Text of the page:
Figure 1. The HER receptor and pathway: (A) there are four members of the HER family of RTKs: EGFR/HER1, HER2, 3, and 4. Each HER receptor is composed of four functional extracellular domains (domain I, II, III, and IV) as well as a tyrosine rich (Tyr) intracellular domain. Epidermal growth factor (EGF), amphiregulin (AREG), heparin binding EGF (HB-EGF), and heregulin 1, 2, 3, 4 growth factor-ligands bind to domains II and III of EGFR/HER1 and HER3, HER4, respectively. Growth factor-ligand binding initiates HER conformational rearrangement causing exposure of the dimerization domain (DD), which is sandwiched between domains II and IV, as well as allowing the closed conformation of the HER receptor (portrayed by EGFR/HER1, HER3, 4) to assume an open conformation (displayed by HER2). It is important to note the truncated intracellular domain of HER3, which lacks kinase activity therefore, the HER3 receptor is the kinase dead member of the HER family of RTKs. (B) Ligand-mediated exposure of the dimerization domain enables the binding of two like HER receptors to form a homo-dimer (left, EGFR–EGFR) or two different HER receptors to form a hetero-dimer (right, HER2–HER3). It is important to note that the HER2 receptor is in a fixed, open conformation and does not require ligand binding to dimerize with a ligand bound HER receptor. (C) Upon HER dimerization, the HER receptors undergo auto-phosphorylation of their intracellular tyrosine residues. Auto-phosphorylation of the HER receptors primes the receptors to transphosphorylate the tyrosine residues of their binding partners (D) in preparation to initiate activation of downstream targets (E) activated HER receptors initiate the AKT (left) and mitogen activated protein kinase (MAPK) (right) pathways through a series of residue targeted phosphorylations, or a phosphorylation cascade. The Src homology domain 2 (SH2) of p85 (regulatory domain of PI3K) docks to the phosphotyrosine residue of the activated HER receptor (EGFR). p85 docking to EGFR enables Src homology domain 3 (SH3) of p110 (catalytic domain of PI3K) to join the proline rich region (Pro) of p85 to initiate PI3K 3′ phosphorylation of phosphatidylinositol (4, 5)-bisphosphate (PIP2) transforming PIP2 into phosphatidylinositol (3, 4, 5)-triphosphate (PIP3). PIP3 phosphorylation is aided by the Plekstrin homology domain (PHD) within the catalytic domain of phosphoinositide dependent kinase-1 (PDK1). The lipid binding PH domain recruits AKT to the plasma membrane where it docks to PIP3 as the physical interactions and activations of PI3K, PTEN, PDK1, as well as AKT occurs at the surface of the cell. PDK1 is able to phosphorylate AKT at the Thr 308 residue as well as aid in PKCa activation. AKT phosphorylation disrupts the formation of the tuberous sclerosis 1/2 (TSC 1/2) dimer, inhibits hydrolyzation of the GTP binding protein, Ras homolog enriched in brain (Rheb), to activate the mammalian target of rapamycin complex 1 (mTORC1) complex as well as the mTORC2 complex. The mTORC1 complex is composed of: G protein beta subunit-like (GβL), the metabolically sensitive regulatory-associated protein of mTOR (Rptor), DEP domain-containing mTOR-interacting protein (DEPTOR), and the serine/threonine kinase mammalian target of rapamycin (mTOR). The fully formed mTORC1 complex is able to promote cell growth, proliferation, and autophagy by directing protein translation by mediating the ability of Rptor to recruit the formation of the eukaryotic initiation factor 4F complex [eIF4F (eIF4E, G, B, etc.)] and ribosomal protein S6 kinase beta-1 (S6K1). The mTORC2 complex is also involved in cellular metabolism but mainly facilitates fluctuations in cytoskeletal formation and degradation throughout the cell via serum and glucocorticoid-regulated kinase 1 (SGK1), for instance. In a similar fashion, the SH2 domain of growth factor receptor bound-2 (Grb2) protein docks to the phosphotyrosine residue of the activated HER receptor (HER2). SH2 interaction with the Grb2 scaffold protein initiates the binding of two SH3 domains to the proline rich region of the son of sevenless (SOS) protein. SOS is a guanine-nucleotide exchange factor (GEF) that acts on Ras-GTPases (Ras-GDP) (rat sarcoma). SOS facilitates the unbinding of guanosine diphosphate (GDP) from Ras, there by destabilizing Ras and enabling guanosine triphosphate (GTP) binding to form Ras-GTP, and initiate the MAPK phosphorylation cascade. A GTPase activating protein (GAP) hydrolyzes Ras bound GTP (Ras-GTP), forming GDP, and halting downstream phosphorylation of the MAPK pathway. Ras activation begins the MAPK phosphorylation cascade, which is a series of serine/threoinine specific protein kinases occurring on: rapidly accelerating fibrosarcoma/mitogen activated protein kinase kinase kinase (Raf/MAPKKK), mitogen/extracellular signal-related kinase/mitogen activated protein kinase kinase (MEK/MAPKK), and extracellular signal-related kinase 1/2/mitogen activated protein kinase (Erk1/2/MAPK). Activation of the MAPK pathway initiates the transcription of a host of genes including: c-Myc, c-Fos, and cyclins to orchestrate cell motility, invasiveness, and proliferation.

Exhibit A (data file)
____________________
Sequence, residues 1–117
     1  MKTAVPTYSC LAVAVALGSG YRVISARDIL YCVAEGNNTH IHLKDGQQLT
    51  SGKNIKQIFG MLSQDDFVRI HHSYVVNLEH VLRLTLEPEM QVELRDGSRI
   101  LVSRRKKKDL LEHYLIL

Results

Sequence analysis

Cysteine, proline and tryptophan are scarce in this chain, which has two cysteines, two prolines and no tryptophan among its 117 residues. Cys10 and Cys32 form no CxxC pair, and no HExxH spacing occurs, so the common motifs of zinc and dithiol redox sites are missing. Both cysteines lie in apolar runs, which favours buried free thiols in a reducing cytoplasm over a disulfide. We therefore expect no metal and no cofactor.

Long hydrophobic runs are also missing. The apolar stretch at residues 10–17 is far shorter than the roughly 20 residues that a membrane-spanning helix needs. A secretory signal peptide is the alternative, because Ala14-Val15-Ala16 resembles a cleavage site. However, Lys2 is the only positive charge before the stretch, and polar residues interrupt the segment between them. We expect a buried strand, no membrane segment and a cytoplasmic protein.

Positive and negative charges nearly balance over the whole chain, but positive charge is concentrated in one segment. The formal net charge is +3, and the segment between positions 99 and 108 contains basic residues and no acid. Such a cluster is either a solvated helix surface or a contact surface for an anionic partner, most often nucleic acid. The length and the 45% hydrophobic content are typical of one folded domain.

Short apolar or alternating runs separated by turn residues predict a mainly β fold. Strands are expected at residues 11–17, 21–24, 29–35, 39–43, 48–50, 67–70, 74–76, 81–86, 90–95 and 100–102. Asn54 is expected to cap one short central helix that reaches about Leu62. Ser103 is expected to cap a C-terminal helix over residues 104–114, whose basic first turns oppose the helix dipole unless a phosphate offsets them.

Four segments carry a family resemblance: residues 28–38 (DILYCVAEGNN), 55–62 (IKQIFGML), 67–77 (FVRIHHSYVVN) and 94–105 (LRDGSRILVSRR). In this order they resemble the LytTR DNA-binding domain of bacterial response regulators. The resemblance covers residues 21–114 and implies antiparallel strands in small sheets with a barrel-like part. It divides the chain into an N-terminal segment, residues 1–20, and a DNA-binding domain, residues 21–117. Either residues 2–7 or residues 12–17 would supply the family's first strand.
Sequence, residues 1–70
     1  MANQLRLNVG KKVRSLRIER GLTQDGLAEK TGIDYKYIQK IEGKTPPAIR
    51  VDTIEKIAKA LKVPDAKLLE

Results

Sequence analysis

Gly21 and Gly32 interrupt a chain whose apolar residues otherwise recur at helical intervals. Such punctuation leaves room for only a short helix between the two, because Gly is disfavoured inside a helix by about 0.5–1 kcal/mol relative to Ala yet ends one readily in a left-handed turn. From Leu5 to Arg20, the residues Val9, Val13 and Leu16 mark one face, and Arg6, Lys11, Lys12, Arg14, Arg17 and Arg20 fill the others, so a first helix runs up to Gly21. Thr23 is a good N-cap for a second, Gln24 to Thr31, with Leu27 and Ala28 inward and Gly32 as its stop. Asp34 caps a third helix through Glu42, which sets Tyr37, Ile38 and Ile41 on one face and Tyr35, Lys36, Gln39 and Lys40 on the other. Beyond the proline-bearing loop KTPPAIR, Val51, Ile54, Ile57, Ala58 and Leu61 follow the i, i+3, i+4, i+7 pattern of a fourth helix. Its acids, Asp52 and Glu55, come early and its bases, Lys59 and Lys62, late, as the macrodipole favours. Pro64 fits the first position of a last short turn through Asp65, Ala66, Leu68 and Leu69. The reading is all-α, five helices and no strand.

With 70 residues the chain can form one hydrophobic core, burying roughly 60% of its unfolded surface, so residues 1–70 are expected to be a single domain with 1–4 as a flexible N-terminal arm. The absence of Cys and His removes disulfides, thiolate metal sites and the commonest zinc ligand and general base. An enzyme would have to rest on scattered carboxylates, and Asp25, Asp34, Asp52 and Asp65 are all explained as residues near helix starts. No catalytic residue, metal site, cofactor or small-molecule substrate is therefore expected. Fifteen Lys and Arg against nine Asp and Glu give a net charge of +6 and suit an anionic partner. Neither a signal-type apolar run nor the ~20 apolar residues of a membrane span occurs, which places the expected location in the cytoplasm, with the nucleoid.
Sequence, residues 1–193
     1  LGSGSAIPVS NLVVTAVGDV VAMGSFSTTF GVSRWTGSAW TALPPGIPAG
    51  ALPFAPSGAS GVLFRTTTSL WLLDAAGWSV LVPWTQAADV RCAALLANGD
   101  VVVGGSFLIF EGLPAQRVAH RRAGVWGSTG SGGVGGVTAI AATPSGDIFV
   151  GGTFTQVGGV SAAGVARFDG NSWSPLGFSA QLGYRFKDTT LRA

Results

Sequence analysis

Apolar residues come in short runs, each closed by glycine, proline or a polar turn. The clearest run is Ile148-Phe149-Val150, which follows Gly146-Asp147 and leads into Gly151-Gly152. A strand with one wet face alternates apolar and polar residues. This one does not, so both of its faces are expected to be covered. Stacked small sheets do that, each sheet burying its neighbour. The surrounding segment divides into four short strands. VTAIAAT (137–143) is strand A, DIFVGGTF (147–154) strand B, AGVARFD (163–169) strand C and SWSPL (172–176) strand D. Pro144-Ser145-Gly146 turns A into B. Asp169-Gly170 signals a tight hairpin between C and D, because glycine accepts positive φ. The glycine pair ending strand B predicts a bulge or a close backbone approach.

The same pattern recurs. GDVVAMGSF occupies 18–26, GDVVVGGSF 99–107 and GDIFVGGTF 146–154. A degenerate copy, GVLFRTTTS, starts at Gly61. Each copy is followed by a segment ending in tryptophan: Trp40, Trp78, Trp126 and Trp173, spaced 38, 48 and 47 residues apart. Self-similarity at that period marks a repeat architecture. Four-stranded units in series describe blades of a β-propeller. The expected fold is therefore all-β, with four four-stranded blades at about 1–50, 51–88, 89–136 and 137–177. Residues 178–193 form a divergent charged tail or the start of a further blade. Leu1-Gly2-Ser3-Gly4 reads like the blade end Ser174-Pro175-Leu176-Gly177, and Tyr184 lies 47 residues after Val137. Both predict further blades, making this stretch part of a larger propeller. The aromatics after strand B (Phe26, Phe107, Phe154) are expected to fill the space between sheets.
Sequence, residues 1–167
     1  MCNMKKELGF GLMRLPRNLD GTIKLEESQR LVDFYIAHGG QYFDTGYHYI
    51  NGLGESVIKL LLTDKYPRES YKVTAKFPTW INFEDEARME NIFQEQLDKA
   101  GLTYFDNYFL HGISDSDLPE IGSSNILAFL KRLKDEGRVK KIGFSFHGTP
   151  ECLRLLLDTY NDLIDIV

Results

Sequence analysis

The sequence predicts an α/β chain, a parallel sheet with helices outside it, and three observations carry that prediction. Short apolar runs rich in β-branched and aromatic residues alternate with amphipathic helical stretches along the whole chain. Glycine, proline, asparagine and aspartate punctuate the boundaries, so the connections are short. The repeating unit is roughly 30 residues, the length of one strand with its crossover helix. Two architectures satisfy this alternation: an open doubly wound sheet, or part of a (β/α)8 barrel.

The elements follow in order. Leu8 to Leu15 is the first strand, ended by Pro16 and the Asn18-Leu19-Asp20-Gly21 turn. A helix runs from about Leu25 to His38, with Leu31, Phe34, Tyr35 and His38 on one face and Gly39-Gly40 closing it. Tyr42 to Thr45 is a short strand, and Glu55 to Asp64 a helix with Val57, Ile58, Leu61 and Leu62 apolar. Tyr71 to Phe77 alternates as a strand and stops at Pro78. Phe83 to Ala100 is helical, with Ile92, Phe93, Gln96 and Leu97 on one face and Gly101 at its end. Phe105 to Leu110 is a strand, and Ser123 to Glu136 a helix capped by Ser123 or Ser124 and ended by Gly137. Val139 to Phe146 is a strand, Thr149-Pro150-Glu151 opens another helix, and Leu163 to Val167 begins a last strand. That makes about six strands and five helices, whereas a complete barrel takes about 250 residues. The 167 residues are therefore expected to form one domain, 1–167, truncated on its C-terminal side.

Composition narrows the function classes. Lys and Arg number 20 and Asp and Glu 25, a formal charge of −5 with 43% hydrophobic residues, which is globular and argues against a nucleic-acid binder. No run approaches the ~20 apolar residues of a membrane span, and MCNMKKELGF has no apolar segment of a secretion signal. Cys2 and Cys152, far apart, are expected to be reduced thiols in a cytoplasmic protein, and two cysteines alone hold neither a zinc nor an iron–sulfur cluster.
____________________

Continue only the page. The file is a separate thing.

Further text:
A significant number of ligand–HER receptor combinations are engaged to maintain normal cell physiology during development and throughout adult life. The mechanism of HER activation is controlled by ectodomain shedding in which proteolysis is mediated by a matrix metalloproteinase (MMP9 or ADAM12) that cleaves the ligand growth factors from the surface of the cell, near the transmembrane domain, to release the soluble ligand into the extracellular environment (19). All four members of the HER family of RTKs share structural similarities, but they have specific features that confer unique regulatory characteristics. Unlike EGFR, the extracellular region of HER2 resembles a ligand activated or fixed state, making HER2 an orphan receptor, thus not needing to bind ligands for its activation (20, 21). HER3 does not possess kinase activity and can only potentiate downstream signaling when dimerized with another HER receptor. The fixed state of HER2 makes it the preferred dimerization partner of the other HER receptors, particularly HER3. In addition, HER2 has been shown to dimerize with other RTKs, such as the Insulin-like Growth Factor-1 Receptor (IGF-1R) (22). HER2 dimerization enables HER receptors to broaden their ligand binding specificity as the HER ligands have non-overlapping functions, which restrict their binding to specific HER receptors (23–25). For example, only one EGF ligand is needed for downstream pathway activation when bound to EGFR and hetero-dimerized with HER2.